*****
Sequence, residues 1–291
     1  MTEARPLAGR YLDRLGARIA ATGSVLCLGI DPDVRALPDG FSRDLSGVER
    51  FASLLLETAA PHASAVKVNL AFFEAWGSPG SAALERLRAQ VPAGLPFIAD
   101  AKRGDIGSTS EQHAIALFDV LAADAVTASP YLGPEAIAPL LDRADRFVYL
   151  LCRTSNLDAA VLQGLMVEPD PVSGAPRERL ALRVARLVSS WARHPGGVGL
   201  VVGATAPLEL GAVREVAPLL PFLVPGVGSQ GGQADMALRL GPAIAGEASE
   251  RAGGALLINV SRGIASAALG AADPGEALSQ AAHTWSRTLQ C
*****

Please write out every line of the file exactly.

Sequence, residues 1–291
     1  MTEARPLAGR YLDRLGARIA ATGSVLCLGI DPDVRALPDG FSRDLSGVER
    51  FASLLLETAA PHASAVKVNL AFFEAWGSPG SAALERLRAQ VPAGLPFIAD
   101  AKRGDIGSTS EQHAIALFDV LAADAVTASP YLGPEAIAPL LDRADRFVYL
   151  LCRTSNLDAA VLQGLMVEPD PVSGAPRERL ALRVARLVSS WARHPGGVGL
   201  VVGATAPLEL GAVREVAPLL PFLVPGVGSQ GGQADMALRL GPAIAGEASE
   251  RAGGALLINV SRGIASAALG AADPGEALSQ AAHTWSRTLQ C